Preserve Rhode Island’s Lippitt House Museum, built in 1865, offers guided tours, special exhibitions, lectures, art installations, concerts and family programs. Preserve Rhode Island used its grant to develop an American Sign Language (ASL) video tour equivalent to its docent-led tours and a written English translation of the ASL video tour to supplement self-guided visitors.

Community Libraries of Providence, a nonprofit organization operating nine neighborhood libraries, used its grant to install an automatic swing door operator in the South Providence branch, allowing individuals with physical impairments to enter and exit the library on their own. The library is fully accessible once inside.

The Wilbury Theatre Group, a collaboration of artists producing contemporary theater in Providence, used its grant to make its Olneyville performance space fully accessible. Renovations included the addition of a wheelchair ramp at the side door and renovations to make a restroom wheelchair accessible.

YMCA of Pawtucket comprises five branches across the state, including the Westwood YMCA Summer Camp in Coventry, and used its grant toward the purchase of a Hippocampe wheelchair, an all-terrain chair that individuals can self-propel or be pushed or pulled to participate in camp activities and access the water.

Exeter Public Library used its grant to purchase a two-bay ADA Combination Swing Set at its playground, Chelsea Park. It has a molded swing for children to be lifted into and a wheelchair pull system in the other bay.

Jamestown Arts Center used its grant to host a series of trainings for its staff and instructor to better support individuals with disabilities within its programs. Funds also were used purchase adaptive equipment and art supplies. The center is working with several partners in the disability community to encourage greater participation of individuals with disabilities in its programs.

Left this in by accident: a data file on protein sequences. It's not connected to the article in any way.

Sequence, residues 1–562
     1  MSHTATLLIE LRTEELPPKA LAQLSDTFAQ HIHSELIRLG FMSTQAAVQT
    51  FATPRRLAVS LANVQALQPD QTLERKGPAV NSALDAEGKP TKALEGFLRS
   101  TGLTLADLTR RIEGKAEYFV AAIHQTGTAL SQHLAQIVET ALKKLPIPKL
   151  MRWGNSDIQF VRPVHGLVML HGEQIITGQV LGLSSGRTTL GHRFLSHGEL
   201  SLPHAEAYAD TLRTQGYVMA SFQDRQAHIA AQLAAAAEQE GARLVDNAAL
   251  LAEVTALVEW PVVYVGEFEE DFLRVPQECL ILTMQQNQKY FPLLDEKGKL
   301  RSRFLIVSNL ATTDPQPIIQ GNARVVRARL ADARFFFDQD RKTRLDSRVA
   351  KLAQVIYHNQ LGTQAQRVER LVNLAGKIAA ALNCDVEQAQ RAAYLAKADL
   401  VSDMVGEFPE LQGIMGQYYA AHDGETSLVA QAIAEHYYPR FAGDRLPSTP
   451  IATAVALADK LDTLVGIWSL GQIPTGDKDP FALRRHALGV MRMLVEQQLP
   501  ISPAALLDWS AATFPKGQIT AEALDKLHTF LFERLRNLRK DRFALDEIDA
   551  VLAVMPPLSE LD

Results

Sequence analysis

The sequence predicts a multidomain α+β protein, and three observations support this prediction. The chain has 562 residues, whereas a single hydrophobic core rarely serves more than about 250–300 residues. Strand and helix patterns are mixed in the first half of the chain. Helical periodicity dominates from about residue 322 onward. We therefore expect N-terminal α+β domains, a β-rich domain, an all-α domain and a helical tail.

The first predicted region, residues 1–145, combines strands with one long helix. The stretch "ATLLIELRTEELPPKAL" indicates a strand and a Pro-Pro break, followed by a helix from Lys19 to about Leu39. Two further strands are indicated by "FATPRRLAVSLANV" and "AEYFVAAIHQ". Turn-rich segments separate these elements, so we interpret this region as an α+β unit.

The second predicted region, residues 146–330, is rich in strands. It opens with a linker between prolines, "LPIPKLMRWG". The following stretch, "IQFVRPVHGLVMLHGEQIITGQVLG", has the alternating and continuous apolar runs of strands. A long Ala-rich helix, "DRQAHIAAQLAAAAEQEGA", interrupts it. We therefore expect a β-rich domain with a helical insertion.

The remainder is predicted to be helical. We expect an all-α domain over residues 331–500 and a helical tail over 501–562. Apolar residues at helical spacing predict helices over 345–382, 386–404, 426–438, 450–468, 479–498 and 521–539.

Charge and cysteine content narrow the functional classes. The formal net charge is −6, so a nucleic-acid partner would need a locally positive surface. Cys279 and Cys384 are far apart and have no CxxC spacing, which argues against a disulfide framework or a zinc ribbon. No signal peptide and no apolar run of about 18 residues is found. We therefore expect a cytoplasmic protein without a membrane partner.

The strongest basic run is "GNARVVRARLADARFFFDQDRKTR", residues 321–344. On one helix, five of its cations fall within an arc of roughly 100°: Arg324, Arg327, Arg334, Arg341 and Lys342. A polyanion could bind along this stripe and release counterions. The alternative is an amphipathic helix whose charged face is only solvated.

North Kingstown Free Library offers physical and digital collections, lectures, workshops, concerts, movies, story times, presentations, book discussions and more. It used its grant funding to install an induction hearing loop in its physically accessible meeting room, allowing better access to programming for those with hearing loss.

Ocean Community YMCA offers a wide range of social and leisure programs and classes at its three branches and Camp Watchaug. It used its grant funds to train an employee to become certified as an adaptive sailing instructor and to purchase equipment allowing campers of all abilities to safely participate in sailing.

Coggeshall Farm Museum in Bristol provides visitors with the opportunity to explore 18th century farm life in Rhode Island. The museum used it grant to install a permanent and portable ramp to provide access to the 1790’s farmhouse and a restroom at the farm.

The Norman Bird Sanctuary in Middletown used its award to contribute to the creation of an ADA-compliant universal trail that allows access to individuals who use wheelchairs or other mobility aids.

Pilgrim Lutheran Church in Warwick used its grant to purchase items to address visual and auditory needs including large print or braille books, large-print programs and an FM assistive listening system.

Youth Pride Inc. used its grant funds to provide professional development training to its staff to help them better serve youth with Autism Spectrum Disorder at the organization’s drop-in center dedicated to meeting the needs of lesbian, gay, bisexual, transgender, queer and questioning youth and young adults.

The Audubon Society of Rhode Island resurfaced the meadow trail from the Environmental Education Center at the Claire D. McIntosh Wildlife Refuge in Bristol, allowing full accessibility to the boardwalk, grasslands and wetlands down to Narragansett Bay.

Providence Public Library used its grant funds to make a sensory kit including assistive listening devices, magnifiers and high-intensity lamps. Staff members received training to assist patrons in using the tools.

The Town of Westerly purchased a MobiChair with its grant funds. This high-quality beach wheelchair reclines and floats allows access to the boardwalk, beach and water.

Yawgoo Valley Ski School in Exeter trained staff members in adaptive instruction through the Professional Ski Instructors of America, which specializes in instruction for skiers with disabilities.

The Cranston YMCA used its grant to fund the purchase of a wheelchair-accessible upper body exercise machine.

NeighborWorks Blackstone River Valley, a Woonsocket community development corporation, purchased a computer-based individualized reading program, furnishings and sensory materials for its art center for grades K-5.

The Newport Art Museum reconstructed a ramp at the museum’s main building, the John N.A. Griswold House, completing a larger accessibility project.